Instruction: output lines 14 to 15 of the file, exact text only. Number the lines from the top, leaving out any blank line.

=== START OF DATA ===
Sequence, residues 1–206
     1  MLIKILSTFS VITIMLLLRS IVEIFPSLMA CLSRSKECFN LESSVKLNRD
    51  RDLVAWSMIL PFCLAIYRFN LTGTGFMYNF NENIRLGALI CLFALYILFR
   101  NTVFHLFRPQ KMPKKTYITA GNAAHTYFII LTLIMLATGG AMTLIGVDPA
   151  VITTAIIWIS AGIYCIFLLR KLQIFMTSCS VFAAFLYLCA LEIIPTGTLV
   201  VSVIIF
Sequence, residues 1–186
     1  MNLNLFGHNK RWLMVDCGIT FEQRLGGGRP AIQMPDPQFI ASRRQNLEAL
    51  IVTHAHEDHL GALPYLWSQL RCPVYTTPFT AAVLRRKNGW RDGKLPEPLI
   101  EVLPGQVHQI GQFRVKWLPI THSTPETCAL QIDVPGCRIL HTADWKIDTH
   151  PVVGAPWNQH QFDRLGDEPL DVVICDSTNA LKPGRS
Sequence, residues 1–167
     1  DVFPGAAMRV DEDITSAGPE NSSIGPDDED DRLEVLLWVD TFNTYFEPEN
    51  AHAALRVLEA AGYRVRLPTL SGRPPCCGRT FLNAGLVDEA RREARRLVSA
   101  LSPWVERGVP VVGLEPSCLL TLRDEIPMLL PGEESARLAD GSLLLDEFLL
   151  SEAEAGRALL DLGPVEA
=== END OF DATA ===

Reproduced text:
    51  AHAALRVLEA AGYRVRLPTL SGRPPCCGRT FLNAGLVDEA RREARRLVSA
   101  LSPWVERGVP VVGLEPSCLL TLRDEIPMLL PGEESARLAD GSLLLDEFLL